JENNY STEEL   Gardening on the Wild Side

 

           

READ MORE ARTICLES....

How to Create a Wildlife Friendly Garden - BBC Easy Gardening

Growing the 10 Best Plants for Wildlife in your Garden - BBC Gardens Illustrated

A Flavour of April in your Wildlife Friendly Garden - Country and Border Life

The Rural Craft of Hedgelaying in Dorset - The Countryman

Managing your Garden in October  - Country and Border Life

The Historic Welsh Gardens of Plas Tan y Bwlch - The Countryman

Looking after the Bees in your Garden - Daily Express

Making Wildlife Ponds the Easy Way - Daily Express

Wings over Mull - a Centre for Birds of Prey - The Countryman

A New Garden for Wildlife with Butterflies in Mind - Butterfly Conservation

The Extraordinary Wildlife Art of Ian and Richard Lewington - Limited Edition Magazine

'I went to Noke and Nobody Spoke' - Fascinating Otmoor - Limited Edition Magazine

Gardening on the Wild Side of Town - New Consumer Magazine

Peter Parks and the Great Rainforest Project - Limited Edition Magazine

The Countryside in January - Limited Edition Magazine

The Countryside in May - Limited Edition Magazine


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GARDENING ON THE WILD SIDE

While making our homes as environmentally friendly as possible has become a priority for many people, how may of us take our commitment to the environment seriously when planning our gardens?  Lawn mowers, patio heaters and plastic outdoor furniture, not to mention peat composts and chemicals galore, all contribute to environmental degradation in one form or another whether through the release of greenhouse gasses, by polluting the environment or through impoverishment of wildlife habitats.  As gardeners we can dramatically improve our immediate surrounding for wildlife.  Gardening with nature, rather than against it, is the way forward for any ecologically minded homeowner.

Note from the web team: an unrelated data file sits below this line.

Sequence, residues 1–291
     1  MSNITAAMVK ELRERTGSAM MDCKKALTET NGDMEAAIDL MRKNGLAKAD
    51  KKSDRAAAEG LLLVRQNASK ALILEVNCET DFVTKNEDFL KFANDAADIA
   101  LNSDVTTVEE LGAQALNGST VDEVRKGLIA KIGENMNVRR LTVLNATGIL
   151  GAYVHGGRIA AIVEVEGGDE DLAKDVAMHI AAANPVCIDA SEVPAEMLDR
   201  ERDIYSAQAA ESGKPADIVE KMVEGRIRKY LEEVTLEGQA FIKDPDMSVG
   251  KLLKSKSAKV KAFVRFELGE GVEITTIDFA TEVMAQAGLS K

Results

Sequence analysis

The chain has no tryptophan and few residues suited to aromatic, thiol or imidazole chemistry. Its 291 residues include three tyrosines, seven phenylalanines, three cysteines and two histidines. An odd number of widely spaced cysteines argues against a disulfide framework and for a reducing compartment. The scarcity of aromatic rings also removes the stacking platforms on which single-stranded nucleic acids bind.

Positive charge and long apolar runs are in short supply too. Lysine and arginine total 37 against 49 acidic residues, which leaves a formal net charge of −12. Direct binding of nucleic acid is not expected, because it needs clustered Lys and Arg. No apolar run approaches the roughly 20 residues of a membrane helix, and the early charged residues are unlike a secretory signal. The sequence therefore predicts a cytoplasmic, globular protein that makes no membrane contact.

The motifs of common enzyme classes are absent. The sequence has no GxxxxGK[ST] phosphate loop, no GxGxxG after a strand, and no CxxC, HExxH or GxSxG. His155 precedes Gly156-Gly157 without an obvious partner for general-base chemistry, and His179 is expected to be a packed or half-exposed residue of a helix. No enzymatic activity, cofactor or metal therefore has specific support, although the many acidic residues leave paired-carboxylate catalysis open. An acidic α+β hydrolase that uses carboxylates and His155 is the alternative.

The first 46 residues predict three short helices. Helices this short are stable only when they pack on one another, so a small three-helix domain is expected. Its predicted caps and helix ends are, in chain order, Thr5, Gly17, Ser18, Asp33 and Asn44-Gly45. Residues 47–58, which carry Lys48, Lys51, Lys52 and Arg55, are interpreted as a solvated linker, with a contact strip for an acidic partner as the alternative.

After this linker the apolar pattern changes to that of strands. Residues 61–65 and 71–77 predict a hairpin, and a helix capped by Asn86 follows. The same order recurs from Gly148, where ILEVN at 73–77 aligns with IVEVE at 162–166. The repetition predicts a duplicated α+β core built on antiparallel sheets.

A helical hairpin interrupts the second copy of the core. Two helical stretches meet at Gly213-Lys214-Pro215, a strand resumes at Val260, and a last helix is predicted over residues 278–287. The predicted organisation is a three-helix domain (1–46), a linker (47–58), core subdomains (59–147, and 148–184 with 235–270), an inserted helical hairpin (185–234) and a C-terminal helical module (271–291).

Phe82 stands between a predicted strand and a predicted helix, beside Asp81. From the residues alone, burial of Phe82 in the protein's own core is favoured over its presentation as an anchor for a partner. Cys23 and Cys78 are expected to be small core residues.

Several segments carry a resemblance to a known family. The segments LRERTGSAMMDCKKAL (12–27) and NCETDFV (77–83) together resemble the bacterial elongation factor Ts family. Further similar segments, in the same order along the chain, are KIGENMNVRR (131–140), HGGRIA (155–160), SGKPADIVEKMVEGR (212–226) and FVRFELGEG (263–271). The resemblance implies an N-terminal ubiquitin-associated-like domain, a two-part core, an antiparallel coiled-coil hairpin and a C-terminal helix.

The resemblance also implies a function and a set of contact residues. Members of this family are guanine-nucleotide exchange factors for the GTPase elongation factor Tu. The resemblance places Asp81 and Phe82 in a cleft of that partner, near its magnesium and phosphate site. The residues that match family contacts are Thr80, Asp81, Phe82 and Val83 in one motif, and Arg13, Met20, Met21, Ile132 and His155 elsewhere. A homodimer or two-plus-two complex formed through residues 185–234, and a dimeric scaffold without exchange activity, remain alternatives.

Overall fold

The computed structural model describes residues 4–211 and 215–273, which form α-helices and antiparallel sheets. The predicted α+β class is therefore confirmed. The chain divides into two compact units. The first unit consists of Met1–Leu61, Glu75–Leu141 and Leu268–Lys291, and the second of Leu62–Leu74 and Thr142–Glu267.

The majority of homes have a garden space of some kind, whether it is an elegant acre or two, a tiny balcony or a few square metres.  There is a great deal we can do to ensure that our local wildlife, including insects such as bumblebees and butterflies, frog and toads, hedgehogs, voles and shrews, and birds of many different species have space to live and increase.  An existing garden can be made more wildlife friendly by some thoughtful planning, a change in maintenance and the inclusion of suitable plants that are known to provide nectar and pollen.  Growing some native wildflowers amongst your mix of more exotic blooms will also increase the wildlife value of your plot - these wild plants will attract more small invertebrate creatures which in turn provide food for other larger species, especially mammals and birds.